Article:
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Warum sind manche Individuen und Länder protektionistischer als andere?
[Why Are Some People and Countries More Protectionist than Others?]

  • Teng, Faxin

This paper is a summary of the case studies about the question: why are some people and countries more protectionist than others? Some economist (Rodrik, O’Rouke and Pasadilla et al.) have studied it with econometric analysis. After studying with some data sets they find out that: gender, social class, region, education, skill level, work sector, national pride are significant factors by the attitude building to free trade.

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Paper provided by University Library of Munich, Germany in its series MPRA Paper with number 31958.

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Date of creation: 2008
Date of revision:
Handle: RePEc:pra:mprapa:31958
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  1. Scheve, Kenneth F. & Slaughter, Matthew J., 2001. "What determines individual trade-policy preferences?," Journal of International Economics, Elsevier, vol. 54(2), pages 267-292, August.
  2. Gordon H. Hanson & Ann Harrison, 1999. "Trade liberalization and wage inequality in Mexico," Industrial and Labor Relations Review, ILR Review, Cornell University, ILR School, vol. 52(2), pages 271-288, January.
  3. Feenstra, R.C. & Hanson, G.H., 1995. "Foreign Investment, Outsourcing and Relative Wages," Department of Economics 95-14, California Davis - Department of Economics.
  4. Paul A. Samuelson, 2004. "Where Ricardo and Mill Rebut and Confirm Arguments of Mainstream Economists Supporting Globalization," Journal of Economic Perspectives, American Economic Association, vol. 18(3), pages 135-146, Summer.
  5. Eugene Beaulieu & Michael Benarroch & James D. Gaisford, 2011. "Intra‐industry Trade Liberalization: Why Skilled Workers are More Likely to Support Free Trade," Review of International Economics, Wiley Blackwell, vol. 19(3), pages 579-594, 08.
  6. Bruce A. Blonigen & Robert C. Feenstra, 1996. "Protectionist Threats and Foreign Direct Investment," NBER Working Papers 5475, National Bureau of Economic Research, Inc.
  7. Gene M. Grossman & Elhanan Helpman, 1992. "Protection For Sale," NBER Working Papers 4149, National Bureau of Economic Research, Inc.
  8. Mayda, Anna Maria & Rodrik, Dani, 2005. "Why are some people (and countries) more protectionist than others?," European Economic Review, Elsevier, vol. 49(6), pages 1393-1430, August.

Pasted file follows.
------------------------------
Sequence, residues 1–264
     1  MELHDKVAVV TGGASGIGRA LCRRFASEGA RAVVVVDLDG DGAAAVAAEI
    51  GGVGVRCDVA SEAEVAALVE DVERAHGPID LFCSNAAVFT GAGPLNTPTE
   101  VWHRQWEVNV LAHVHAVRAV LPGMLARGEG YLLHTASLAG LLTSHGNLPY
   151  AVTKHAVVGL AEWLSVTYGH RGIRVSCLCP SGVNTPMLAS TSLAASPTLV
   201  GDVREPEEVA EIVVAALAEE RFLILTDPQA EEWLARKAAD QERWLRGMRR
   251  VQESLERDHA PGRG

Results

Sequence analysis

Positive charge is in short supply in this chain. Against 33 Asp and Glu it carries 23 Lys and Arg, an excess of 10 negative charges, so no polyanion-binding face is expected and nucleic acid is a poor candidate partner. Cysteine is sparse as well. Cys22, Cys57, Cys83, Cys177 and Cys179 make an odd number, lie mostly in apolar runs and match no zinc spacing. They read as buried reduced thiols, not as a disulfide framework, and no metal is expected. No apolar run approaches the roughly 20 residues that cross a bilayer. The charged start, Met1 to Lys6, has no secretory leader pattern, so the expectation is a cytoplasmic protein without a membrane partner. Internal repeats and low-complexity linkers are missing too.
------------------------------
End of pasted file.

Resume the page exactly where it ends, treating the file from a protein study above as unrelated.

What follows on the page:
9. Donald R. Davis, 1996. "Trade Liberalization and Income Distribution," Harvard Institute of Economic Research Working Papers 1769, Harvard - Institute of Economic Research.
  10. Wood, Adrian, 1997. "Openness and Wage Inequality in Developing Countries: The Latin American Challenge to East Asian Conventional Wisdom," World Bank Economic Review, World Bank Group, vol. 11(1), pages 33-57, January.
  11. K. H. O'Rourke, 2001. "Globalization and Inequality: Historical Trends," CEG Working Papers 20015, Trinity College Dublin, Department of Economics.
  12. K. H. O'Rourke & R. Sinnott, 2001. "The Determinants of Individual Trade Policy Preferences: International Survey Evidence," CEG Working Papers 20016, Trinity College Dublin, Department of Economics.
  13. Liao, Christine Marie & Pasadilla, Gloria O., 2004. "Determinants of Individual Trade Policy Preference in the Philippines," Discussion Papers DP 2004-16, Philippine Institute for Development Studies.
  14. Kevin H. O'Rourke & Alan M. Taylor, 2006. "Democracy and Protectionism," NBER Working Papers 12250, National Bureau of Economic Research, Inc.
  15. Edward J. Balistreri, 1997. "The Performance of the Heckscher-Ohlin-Vanek Model in Predicting Endogenous Policy Forces at the Individual Level," Canadian Journal of Economics, Canadian Economics Association, vol. 30(1), pages 1-17, February.
  16. Kevin H. O'Rourke, 2003. "Heckscher-Ohlin Theory and Individual Attitudes Towards Globalization," The Institute for International Integration Studies Discussion Paper Series iiisdp07, IIIS.
  17. Donald J. Robbins, 1996. "Evidence on Trade and Wages in the Developing World," OECD Development Centre Working Papers 119, OECD Publishing.
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